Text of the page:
July 7 & 8, 2022 | Brooklyn, NY

2022 Teachers Summit

SUMMIT FOR CLIMATE AGENCY: Teaching the Design Experiment


May 25, 2022

Call for Images

July 7 & 8, 2022

Teachers Summit

SUMMIT FOR CLIMATE AGENCY: Teaching the Design Experiment

The Association of Collegiate Schools of Architecture (ACSA) and the Pratt Institute, School of Architecture are pleased to announce a Teachers Summit dedicated to Summit for Climate Agency: Teaching the Design Experiment. Plan to join us in-person in Brooklyn, New York this summer.

Conference Overview

The 2021 ACSA EAAE Teacher’s conference, The Curriculum for Climate Agency, saw calls for Architectural Education to step-away from pre-conceptions about climate and re-engage in active learning and science. Landscape Architect, Kotchakorn Voraakhorn in the opening plenary declared that Architecture educators, “Need to teach from reality, from fact….learning from observed mistakes is the best lesson we can teach the next generation.” Similarly in his opening remarks, Architect Phillipe Rahm declared, “To look for solutions we [ architects ] cannot only be focused on Climate Change as a narrative, but we must examine the real…we must re-engage with the natural sciences.” The consistent takeaway voiced throughout the conference was that if architectural design wishes to establish an environmental agency within the 21st century it must depart from known narratives and operating conventions in favor of experimental approaches.

But what does it mean for a designer to conduct an experiment?

Consider the notion of “scientific method:” Conceived as a means of applying rigorous skepticism towards the dismissal of cognitive assumptions and preconceived bias, the method calls for careful observation that informs inductive hypotheses to be tested and analyzed for reporting. At a moment when architecture is being asked to reconsider how it affects the global environment, teaching the design experiment suggests an approach which can both be ambitious and tempered, comprehensive yet specific and calibrated. How do we adjust the content of our teaching to engender an interest in conducting experiments in the field for future generations? How do we bring research and design together?

The SUMMIT FOR CLIMATE AGENCY: Teaching the Design Experiment will tackle these questions through a series of roundtable discussions and workshops structured to examine experimental methods within architectural education concerning the questions of Observation, Hypothesis, Testing, and Analysis. These discussions will be amplified by select re-presentations from last summer’s teacher’s conference synthesized around the core parts of architectural education – history, abstraction, designation, and building. The summit, which will take place in Brooklyn and New York with programmed events at Pratt’s Historic Campus in Clinton Hill as well as its outpost locations on Governor’s Island and Brooklyn Botanic Gardens. The closing reception will celebrate the design experiment through an exhibition EXPERIMENTAL LANDINGS that reconnects the scientific speculation to visual representation culture in architecture and landscape architecture.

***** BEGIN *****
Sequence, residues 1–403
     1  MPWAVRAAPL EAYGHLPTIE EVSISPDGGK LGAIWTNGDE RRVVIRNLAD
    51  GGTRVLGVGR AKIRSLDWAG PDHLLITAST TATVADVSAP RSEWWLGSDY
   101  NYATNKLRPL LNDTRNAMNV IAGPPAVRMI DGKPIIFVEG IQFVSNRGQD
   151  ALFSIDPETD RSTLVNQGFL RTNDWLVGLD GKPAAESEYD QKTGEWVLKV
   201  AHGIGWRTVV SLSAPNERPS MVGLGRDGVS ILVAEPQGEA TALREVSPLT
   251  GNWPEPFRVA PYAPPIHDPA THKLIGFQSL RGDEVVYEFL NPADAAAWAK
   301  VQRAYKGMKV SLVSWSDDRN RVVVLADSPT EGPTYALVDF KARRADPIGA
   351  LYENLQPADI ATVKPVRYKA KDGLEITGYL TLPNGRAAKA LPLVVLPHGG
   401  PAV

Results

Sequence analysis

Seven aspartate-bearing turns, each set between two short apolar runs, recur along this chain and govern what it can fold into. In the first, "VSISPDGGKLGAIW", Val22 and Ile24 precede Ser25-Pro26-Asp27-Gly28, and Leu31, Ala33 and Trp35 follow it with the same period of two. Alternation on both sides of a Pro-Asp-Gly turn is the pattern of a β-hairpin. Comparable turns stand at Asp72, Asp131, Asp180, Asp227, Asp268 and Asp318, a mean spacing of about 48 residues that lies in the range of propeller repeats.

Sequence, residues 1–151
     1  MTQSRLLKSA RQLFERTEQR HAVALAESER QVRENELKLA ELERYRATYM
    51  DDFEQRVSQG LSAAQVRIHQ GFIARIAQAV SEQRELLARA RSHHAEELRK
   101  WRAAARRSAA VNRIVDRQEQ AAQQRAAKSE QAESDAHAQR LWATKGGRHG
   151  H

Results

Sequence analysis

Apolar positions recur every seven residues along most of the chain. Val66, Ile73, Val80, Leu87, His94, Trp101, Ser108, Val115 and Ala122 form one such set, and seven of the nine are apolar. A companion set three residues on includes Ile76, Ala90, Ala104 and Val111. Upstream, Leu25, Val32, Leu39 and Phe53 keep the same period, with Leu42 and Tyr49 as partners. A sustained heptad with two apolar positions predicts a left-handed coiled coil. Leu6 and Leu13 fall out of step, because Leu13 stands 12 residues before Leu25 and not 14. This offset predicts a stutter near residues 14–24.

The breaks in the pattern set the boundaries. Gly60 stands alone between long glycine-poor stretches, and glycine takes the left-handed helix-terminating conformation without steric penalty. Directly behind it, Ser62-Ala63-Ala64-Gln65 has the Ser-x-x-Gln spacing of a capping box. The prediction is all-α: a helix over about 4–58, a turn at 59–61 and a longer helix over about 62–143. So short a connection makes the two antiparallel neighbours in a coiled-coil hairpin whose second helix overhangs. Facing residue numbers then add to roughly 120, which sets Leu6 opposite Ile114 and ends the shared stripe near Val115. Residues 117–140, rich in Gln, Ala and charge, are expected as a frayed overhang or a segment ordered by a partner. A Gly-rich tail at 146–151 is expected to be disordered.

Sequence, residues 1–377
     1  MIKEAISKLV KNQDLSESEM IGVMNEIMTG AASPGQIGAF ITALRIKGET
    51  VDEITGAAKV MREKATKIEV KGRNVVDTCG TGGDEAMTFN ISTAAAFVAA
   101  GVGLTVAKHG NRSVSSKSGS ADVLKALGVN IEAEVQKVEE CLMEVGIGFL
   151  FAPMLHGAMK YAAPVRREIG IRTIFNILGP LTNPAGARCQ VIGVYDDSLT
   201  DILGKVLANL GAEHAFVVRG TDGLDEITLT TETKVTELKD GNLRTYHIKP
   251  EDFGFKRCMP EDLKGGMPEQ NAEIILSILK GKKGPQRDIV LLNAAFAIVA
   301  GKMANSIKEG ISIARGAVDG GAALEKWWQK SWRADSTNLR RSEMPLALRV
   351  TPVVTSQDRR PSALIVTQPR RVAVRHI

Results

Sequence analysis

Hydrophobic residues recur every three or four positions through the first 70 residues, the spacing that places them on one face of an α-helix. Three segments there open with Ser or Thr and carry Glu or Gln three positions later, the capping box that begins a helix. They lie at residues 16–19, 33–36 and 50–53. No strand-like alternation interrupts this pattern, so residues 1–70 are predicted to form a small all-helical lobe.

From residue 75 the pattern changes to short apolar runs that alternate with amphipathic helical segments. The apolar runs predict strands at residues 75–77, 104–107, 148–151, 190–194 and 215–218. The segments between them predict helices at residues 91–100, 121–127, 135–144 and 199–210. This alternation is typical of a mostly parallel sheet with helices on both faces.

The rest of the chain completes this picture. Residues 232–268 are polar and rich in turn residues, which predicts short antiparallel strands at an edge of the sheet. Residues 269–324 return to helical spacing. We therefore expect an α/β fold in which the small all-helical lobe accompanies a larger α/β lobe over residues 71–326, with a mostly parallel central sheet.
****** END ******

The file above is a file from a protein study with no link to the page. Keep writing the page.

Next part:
Tulay Atak
Pratt Institute

David Erdman
Pratt Institute

Jonathan A. Scelsa
Pratt Institute

Host School

Keynote Presentation

Experimenting With and Against Technoscience in a Place of Ongoing Environmental Violence

Michelle Murphy

Michelle Murphy is a Professor of History and Women and Gender Studies at the University of Toronto, where they hold a Tier 1 Canada Research Chair in Science & Technology Studies and Environmental Data Justice. Their research is concerned with feminist and decolonial approaches to environmental justice, reproduction, Indigenous science and technology studies, and infrastructures and data studies.  They are Co-Director of the Technoscience Research Unit, which hosts an Indigenous lab and is home for social justice and decolonial approaches to science and technology. They are also the author of The Economization of Life (2017), Seizing the Means of Reproduction (2012), and Sick Building Syndrome and the Politics of Uncertainty (2006), all with Duke University Press, and has twice been awarded the Fleck Prize from the Society for the Social Studies of Science. Murphy’s current research focuses on the relationships between pollution, colonialism, and technoscience on the lower Great Lakes. They are Métis from Winnipeg, with a French Canadian and Métis family background.


Michelle Sturges
Conferences Manager

Eric W. Ellis
Senior Director of Operations and Programs